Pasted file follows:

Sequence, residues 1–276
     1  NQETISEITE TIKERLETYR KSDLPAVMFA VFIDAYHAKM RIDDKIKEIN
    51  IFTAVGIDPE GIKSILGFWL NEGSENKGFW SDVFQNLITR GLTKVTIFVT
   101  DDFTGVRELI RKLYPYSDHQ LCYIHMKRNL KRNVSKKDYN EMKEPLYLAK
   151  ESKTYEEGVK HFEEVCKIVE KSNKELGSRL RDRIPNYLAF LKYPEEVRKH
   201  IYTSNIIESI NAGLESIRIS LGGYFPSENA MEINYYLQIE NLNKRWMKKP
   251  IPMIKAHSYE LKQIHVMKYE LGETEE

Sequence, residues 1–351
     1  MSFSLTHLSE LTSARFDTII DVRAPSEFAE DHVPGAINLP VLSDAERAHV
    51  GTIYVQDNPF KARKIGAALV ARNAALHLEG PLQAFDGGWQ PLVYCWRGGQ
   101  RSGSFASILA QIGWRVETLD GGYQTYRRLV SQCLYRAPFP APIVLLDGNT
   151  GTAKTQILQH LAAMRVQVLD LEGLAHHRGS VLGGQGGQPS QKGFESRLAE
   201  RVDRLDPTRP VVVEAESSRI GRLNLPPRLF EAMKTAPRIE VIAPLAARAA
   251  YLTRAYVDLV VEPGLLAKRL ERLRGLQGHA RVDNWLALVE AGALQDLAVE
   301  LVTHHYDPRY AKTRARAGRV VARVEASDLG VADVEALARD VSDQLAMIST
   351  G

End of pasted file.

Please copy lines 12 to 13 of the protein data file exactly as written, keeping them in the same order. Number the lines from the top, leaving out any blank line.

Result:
   151  GTAKTQILQH LAAMRVQVLD LEGLAHHRGS VLGGQGGQPS QKGFESRLAE
   201  RVDRLDPTRP VVVEAESSRI GRLNLPPRLF EAMKTAPRIE VIAPLAARAA